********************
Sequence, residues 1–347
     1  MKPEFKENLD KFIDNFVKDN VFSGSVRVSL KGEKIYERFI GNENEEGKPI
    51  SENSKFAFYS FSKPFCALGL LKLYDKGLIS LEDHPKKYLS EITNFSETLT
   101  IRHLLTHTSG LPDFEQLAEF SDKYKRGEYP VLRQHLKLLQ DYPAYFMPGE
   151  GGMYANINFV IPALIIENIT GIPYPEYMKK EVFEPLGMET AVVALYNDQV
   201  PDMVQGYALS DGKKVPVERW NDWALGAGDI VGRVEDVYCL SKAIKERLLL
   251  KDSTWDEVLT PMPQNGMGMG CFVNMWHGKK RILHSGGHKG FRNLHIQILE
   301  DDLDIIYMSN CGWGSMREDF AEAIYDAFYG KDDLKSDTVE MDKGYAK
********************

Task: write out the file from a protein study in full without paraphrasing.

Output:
Sequence, residues 1–347
     1  MKPEFKENLD KFIDNFVKDN VFSGSVRVSL KGEKIYERFI GNENEEGKPI
    51  SENSKFAFYS FSKPFCALGL LKLYDKGLIS LEDHPKKYLS EITNFSETLT
   101  IRHLLTHTSG LPDFEQLAEF SDKYKRGEYP VLRQHLKLLQ DYPAYFMPGE
   151  GGMYANINFV IPALIIENIT GIPYPEYMKK EVFEPLGMET AVVALYNDQV
   201  PDMVQGYALS DGKKVPVERW NDWALGAGDI VGRVEDVYCL SKAIKERLLL
   251  KDSTWDEVLT PMPQNGMGMG CFVNMWHGKK RILHSGGHKG FRNLHIQILE
   301  DDLDIIYMSN CGWGSMREDF AEAIYDAFYG KDDLKSDTVE MDKGYAK